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Engine Drive Systems: Options - Reciprocating

Natural gas-fired reciprocating engines are used extensively in the natural gas industry. Their primary application is as prime movers to drive compressors in the production, processing, transmission, and storage segments of the natural gas industry. Engines also drive electrical generators to meet station backup or primary power requirements.

In this module three types of reciprocating engines will be discussed: the Otto-cycle engine which is the familiar gasoline engine used in automobiles and small airplanes, the semi-industrial engine which is a diesel-cycle engine, and the industrial engine which is a sleeved engine.

All three types of reciprocating engines produce work using an internal combustion 2 or 4 stroke cycle. The following figure shows a four-stroke Otto-cycle engine.

During the intake stroke, air and fuel (mixed outside the combustion chamber in the carburetor) are drawn (naturally aspirated) or forced (turbocharged) through the intake valve. This mixture of fuel and air is then compressed on the compression stroke. Next, a spark form a spark plug ignites the air/fuel mixture. The rapid pressure buildup of the burning gases forces the piston down towards bottom dead center. On the exhaust stroke, the burned gases are pushed out of the cylinder through the exhaust valve as the piston travels back towards top dead center.

Diesel engines operate differently than the gasoline engine, although the four-cycle strokes are basically the same. On the intake stroke, only air is drawn or forced into the compression chamber. On the compression stroke, the air is compressed and therefore heated; just before the piston reaches top dead center, fuel is injected under high pressure. The air/fuel mixture is ignited by the heat of compression at the beginning of the power stroke. A diesel engine is illustrated below.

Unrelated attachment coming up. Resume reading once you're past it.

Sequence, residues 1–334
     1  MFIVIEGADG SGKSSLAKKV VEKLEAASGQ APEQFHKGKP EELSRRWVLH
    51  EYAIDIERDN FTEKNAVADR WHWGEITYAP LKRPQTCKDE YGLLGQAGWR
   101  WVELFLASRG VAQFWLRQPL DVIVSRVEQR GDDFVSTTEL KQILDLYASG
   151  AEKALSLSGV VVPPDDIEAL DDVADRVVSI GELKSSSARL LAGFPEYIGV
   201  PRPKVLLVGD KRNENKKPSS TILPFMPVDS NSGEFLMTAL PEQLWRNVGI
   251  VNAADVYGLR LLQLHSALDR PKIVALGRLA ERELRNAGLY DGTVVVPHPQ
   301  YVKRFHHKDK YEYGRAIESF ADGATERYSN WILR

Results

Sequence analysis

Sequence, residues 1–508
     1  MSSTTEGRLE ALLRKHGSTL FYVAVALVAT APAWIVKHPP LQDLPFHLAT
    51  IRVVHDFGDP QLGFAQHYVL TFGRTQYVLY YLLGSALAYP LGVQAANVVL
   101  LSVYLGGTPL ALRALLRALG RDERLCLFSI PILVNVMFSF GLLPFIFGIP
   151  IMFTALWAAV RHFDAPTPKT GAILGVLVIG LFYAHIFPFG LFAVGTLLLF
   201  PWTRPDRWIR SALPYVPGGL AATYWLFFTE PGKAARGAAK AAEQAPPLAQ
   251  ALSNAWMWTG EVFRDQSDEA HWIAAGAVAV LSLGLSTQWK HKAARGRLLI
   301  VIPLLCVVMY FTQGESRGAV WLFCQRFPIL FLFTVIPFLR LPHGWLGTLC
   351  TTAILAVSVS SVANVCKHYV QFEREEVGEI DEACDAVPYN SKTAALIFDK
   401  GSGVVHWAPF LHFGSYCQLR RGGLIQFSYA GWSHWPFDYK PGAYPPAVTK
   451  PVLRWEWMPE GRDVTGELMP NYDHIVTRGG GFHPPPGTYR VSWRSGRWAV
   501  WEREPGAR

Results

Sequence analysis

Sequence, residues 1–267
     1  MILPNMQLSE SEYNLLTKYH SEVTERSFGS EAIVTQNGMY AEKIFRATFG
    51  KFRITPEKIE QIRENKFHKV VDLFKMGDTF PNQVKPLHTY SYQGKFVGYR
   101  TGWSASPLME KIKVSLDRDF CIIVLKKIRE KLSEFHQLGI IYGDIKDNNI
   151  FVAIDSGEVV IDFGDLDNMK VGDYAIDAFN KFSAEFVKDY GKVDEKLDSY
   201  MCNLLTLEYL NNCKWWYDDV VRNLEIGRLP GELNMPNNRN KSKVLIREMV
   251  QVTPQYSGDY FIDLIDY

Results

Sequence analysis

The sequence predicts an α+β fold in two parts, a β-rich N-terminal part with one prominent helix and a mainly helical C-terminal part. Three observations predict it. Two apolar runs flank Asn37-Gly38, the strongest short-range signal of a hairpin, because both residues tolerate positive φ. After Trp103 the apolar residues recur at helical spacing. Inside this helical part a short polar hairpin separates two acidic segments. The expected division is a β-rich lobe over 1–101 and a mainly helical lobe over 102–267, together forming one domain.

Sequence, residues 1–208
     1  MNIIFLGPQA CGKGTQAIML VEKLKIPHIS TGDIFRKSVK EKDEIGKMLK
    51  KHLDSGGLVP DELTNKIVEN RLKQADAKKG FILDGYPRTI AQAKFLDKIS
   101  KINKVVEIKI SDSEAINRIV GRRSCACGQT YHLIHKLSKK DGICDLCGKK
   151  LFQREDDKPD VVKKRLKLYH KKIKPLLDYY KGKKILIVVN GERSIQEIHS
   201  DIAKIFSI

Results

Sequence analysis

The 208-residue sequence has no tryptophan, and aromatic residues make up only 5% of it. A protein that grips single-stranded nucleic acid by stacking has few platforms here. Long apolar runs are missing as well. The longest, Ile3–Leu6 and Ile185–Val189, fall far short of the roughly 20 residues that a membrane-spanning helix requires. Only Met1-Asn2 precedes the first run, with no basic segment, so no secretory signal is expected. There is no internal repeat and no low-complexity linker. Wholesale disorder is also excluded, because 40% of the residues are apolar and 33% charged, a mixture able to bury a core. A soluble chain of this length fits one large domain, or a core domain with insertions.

Otto-cycle engines are low cost gasoline-derivative automotive engines which are generally rated at less than 200 hp. They have higher operating speeds and lighter construction. Typically, it is less expensive to replace rather than overhaul or rebuild gasoline-derivative engines.

Semi-industrial engines are diesel-derivative and are generally much larger than automotive engines. They generally cost more than automotive engines but less than the industrial grade engines. They are able to displace more heat than the Otto-cycle engine and operate at medium speeds. Traditionally, these engines are larger, heavier, and are designed to be overhauled or rebuilt.

Industrial grade engines are heavy duty diesel-derivative engines. These engines operate at slower speeds and have a longer life expectancy. The cylinder walls and wear components have a sleeve that goes through the engine hole, making repairs quick and easy by simply replacing the entire sleeve of components. The drawback of these engines are the size and weight of the engines as well as the high purchase cost.

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